Route 23: 20 miles south of Columbus, entire town

South Bloomfield, OhioJul 01, 20002 Comments

The Village of South Bloomfield is located about 20 miles south of Columbus. It is well known to people who travel between Portsmouth, Ohio and Columbus, Ohio, as a speed trap. 35 mph enforcement starts at the 35 mile marker, about 3 miles north of town and ends about 3 miles south of town. The Ohio Revised Code allows 35 mph in the commercial district, but the 35 mph extends beyond the "downtown" commercial district.

Though I am still trying to find complete information, it is possible that either through lack of clear knowledge of Ohio traffic law or a South Bloomfield ordinance, police have been known to write tickets to motorists legally entering intersections on yellow lights. There is apparently a good deal of confusion in Ohio about yellow light enforcement. According to some case law, and at least one judge who explained the law to me after dismissing a case when the charging officer did not show, it is legal in Ohio to enter an intersection on yellow and exit on red. Motorists do however, lose the presumptive right of way in case of an accident.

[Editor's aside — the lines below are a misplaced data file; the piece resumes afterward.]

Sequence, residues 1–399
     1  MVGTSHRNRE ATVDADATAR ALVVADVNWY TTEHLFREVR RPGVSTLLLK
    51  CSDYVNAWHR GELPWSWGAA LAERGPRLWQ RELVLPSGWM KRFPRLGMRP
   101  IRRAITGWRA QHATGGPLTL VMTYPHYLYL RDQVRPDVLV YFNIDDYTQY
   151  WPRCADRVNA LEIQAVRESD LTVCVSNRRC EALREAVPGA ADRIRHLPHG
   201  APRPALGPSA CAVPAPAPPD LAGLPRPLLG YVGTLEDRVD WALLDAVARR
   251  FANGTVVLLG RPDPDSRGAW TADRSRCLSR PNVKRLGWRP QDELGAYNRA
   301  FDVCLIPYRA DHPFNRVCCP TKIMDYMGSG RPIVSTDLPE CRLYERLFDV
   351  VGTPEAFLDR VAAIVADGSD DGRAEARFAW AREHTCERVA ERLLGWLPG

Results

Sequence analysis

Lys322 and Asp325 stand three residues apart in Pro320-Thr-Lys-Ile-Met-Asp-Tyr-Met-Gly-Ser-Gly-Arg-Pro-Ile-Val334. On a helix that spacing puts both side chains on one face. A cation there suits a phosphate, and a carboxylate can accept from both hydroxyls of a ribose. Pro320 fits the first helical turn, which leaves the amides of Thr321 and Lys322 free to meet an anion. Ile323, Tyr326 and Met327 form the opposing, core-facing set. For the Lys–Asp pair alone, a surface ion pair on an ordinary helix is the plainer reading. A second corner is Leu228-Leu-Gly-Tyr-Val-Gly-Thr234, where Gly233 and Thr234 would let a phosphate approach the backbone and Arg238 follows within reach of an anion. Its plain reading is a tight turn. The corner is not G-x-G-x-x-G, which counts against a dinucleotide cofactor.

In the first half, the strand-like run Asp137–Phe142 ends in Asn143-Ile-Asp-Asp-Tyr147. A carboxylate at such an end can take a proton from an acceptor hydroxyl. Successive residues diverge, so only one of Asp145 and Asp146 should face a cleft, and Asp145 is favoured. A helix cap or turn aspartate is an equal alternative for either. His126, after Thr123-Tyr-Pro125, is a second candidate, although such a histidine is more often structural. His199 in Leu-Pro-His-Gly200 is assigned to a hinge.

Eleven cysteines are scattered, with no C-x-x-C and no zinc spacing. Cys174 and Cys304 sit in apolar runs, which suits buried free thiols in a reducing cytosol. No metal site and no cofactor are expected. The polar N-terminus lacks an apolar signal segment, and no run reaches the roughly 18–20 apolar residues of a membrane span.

Until very recently, South Bloomfield, a town of 1200 residents, had a police force of approximately 15-20 part time, full time and auxiliary police, including a K-9 unit. It is also possible that there are some problems with training and standards for operating K-55 radar units. Due to fiscal reasons, the entire police force was recently laid off. However, a number of the officers will apparently volunteer time in order to maintain their eligibility status with other police departments. According to a 1996 Columbus Dispatch article, South Bloomfield derived over 50% of its revenue from traffic tickets.

Hapless motorists caught in South Bloomfields speed trap can plead not guilty in Mayors Court and have the matter transferred to Circleville Municipal Court. The Judge in Circleville is clearly interested in applying and upholding traffic law as it is written in the Ohio Revised Code and established by legal precedents.

I thought the Ohio supreme court outlawed mayors courts I.E. declared them unconstitutional ?
#1Mar 22, 2010Report Abuse
They are still called "Mayors Court" however they have to use a magistrate to hear the cases. This is because they do not have a vested interest in the finances of these towns.
#2Feb 08, 2012Report Abuse

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